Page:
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Thursday, July 10, 2008

Hey! About those "UPs!"

Search for the word "up" in your copy. In a regular desk size dictionary that word can take up to 1/4 to 1/2 page all by itself because it has so many uses. All of the entries are perfectly correct in spoken language but in written language some of them are, well . . . a bit wordy. When you're editing your job is to find the ones that are:

1. Merely colloquial. Remove these or not depending on the voice you are trying to achieve.
2. Essential to your meaning. Leave them the way they are, of course.
3. The ones that are perfectly grammatical but not necessary (and therefore redundant). Remove these unless, of course, they are part of dialogue. For dialogue you want your "ups" to sound like the spoken language.

The way I test an "up" in written work is to remove it and see if the meaning changes. Examples:

"He had his secretary write up a report."

"She likes to dress up for about any occasion."

"He closes up his store promptly at six."

Assume you are not using the sentence as part of a dialogue. Which ones would you edit out? Why did you make that choice?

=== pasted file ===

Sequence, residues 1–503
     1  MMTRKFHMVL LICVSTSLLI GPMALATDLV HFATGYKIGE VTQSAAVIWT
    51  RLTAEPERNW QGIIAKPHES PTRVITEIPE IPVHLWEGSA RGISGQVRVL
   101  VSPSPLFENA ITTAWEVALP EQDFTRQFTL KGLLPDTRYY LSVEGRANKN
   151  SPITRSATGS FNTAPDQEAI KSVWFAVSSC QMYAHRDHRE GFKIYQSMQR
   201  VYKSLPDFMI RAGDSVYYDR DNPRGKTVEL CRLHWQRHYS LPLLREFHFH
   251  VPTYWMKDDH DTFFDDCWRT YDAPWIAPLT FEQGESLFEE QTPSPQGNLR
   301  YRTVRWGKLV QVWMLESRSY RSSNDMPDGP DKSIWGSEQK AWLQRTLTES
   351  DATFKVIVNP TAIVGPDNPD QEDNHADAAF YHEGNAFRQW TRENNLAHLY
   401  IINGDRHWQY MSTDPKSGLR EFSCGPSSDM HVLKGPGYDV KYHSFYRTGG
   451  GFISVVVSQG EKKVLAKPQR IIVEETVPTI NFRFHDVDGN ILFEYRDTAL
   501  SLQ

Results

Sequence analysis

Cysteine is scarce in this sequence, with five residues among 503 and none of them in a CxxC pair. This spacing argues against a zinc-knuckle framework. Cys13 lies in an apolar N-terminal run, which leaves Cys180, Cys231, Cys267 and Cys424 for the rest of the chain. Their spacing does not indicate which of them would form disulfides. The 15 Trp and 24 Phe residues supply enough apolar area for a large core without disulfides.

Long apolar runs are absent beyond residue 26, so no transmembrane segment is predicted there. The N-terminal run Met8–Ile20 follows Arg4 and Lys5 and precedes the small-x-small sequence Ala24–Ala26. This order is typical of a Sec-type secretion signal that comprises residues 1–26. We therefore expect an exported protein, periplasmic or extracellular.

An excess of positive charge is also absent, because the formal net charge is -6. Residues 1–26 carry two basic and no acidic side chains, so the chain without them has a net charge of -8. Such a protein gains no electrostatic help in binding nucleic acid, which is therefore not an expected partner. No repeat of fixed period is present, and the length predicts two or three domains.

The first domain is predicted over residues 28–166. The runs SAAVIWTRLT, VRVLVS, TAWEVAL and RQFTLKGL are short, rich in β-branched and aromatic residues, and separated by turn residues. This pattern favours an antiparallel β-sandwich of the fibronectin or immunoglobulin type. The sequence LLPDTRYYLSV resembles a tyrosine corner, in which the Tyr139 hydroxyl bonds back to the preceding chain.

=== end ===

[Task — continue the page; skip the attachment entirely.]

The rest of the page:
I'd love to see some more examples of how "up" is used in our language and how you'd handle them. That's what the comment feature in this blog is for. I figure we'll all start paying attention to how frequently we use "up" in our conversations. So call me up, dial me up, or write it up where you see the comments link below.

Carolyn Howard-Johnson edits, consults and speaks on issues of publishing. Find her The Frugal Editor: Put Your Best Book Forward to Avoid Humiliation and Ensure Success at Learn more about her other authors' aids at She blogs on all things publishing (not just editing!) at

1 comment:

Pee Wee said...

Hi Carolyn. I find "UPs!" very interesting. How many times I've caught myself using up and then deleting it, I can't remember. On the other hand here is one that can't be denied. "It's up to you."
I'm sure there are others but I just thought it interesting to see the difference.

This has me wondering about another word that could be in jeopardy. OUT. I use it all the time where I don't think it's necessary. "I'm going to print it out."

Anyway, thanks for bringing this to my attention. I'll be aware of the word "UP" from now on.

Pee Wee
Author of The Kahills of Willow Walk.

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